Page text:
Hi all! I’m Joanna Bruce. I was born and raised in Brookfield, WI, and got my BS in Spanish from UW-Madison (U-rah-rah!). We have just started the second week of the second block of the second semester of our first year of medical school. As I try to process what that actually means, all I can think of is juggling.
I was on a vacation in Spain just before the start of medical school this past summer. There was a lot of free time, as well as a lemon tree at the house I stayed at, so like any other rational human I decided to pick up juggling. I learned fairly quickly that you cannot simply keep your eyes on all the lemons at all times. Inevitably, you might forget about one lemon, which means you drop it, which means you try to grab it, which means you forget about the other ones and end up dropping them all. With practice, I discovered how evenly-divided attention keeps everything in the air at the same time. And as I got better, I was even able to stay composed enough when the occasional lemon strayed from my concentration to bring it back to center.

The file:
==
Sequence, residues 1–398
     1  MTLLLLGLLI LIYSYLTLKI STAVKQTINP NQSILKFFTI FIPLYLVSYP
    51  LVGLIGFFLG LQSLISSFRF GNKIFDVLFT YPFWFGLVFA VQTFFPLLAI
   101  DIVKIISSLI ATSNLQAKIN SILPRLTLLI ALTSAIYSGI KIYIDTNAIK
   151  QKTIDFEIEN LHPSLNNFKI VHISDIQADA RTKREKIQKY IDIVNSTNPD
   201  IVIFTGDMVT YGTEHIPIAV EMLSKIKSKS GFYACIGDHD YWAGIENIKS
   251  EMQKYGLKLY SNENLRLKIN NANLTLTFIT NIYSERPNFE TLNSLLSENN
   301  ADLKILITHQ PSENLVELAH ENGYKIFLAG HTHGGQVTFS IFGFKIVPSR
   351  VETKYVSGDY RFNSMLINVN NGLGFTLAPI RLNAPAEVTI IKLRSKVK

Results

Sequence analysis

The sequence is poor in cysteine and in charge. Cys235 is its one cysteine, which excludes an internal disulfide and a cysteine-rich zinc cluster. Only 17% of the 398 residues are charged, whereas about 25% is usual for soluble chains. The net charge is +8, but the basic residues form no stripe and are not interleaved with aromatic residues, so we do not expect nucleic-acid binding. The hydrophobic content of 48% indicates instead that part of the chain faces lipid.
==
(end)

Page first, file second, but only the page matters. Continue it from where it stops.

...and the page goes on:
Starting medical school is like going from a comfortable pace of juggling just three lemons to suddenly juggling eight. And instead of getting them fed into your hands at a manageable pace, they’re all thrown at you at once. Like any other major life adjustment, medical school takes you from juggling family, friends, and your own personal responsibilities, to adding new responsibilities (like classes), new hopes, new expectations, new friends, new dynamics with family and “old” friends, and what seems like many other changes.
I know I’m not the only one who has ended up dropping one or more (or all) of these at one point or another since starting medical school. And I know I’ve gradually gotten better at juggling life, even though there are times when certain things escape my notice and I nearly drop everything. But I have been blessed by my family, my classmates/friends, the wonderful staff we have here at MCW-Green Bay, and our amazing community. They are the support that has encouraged me to stay focused on the actual juggling process, rather than on any individual “lemon”.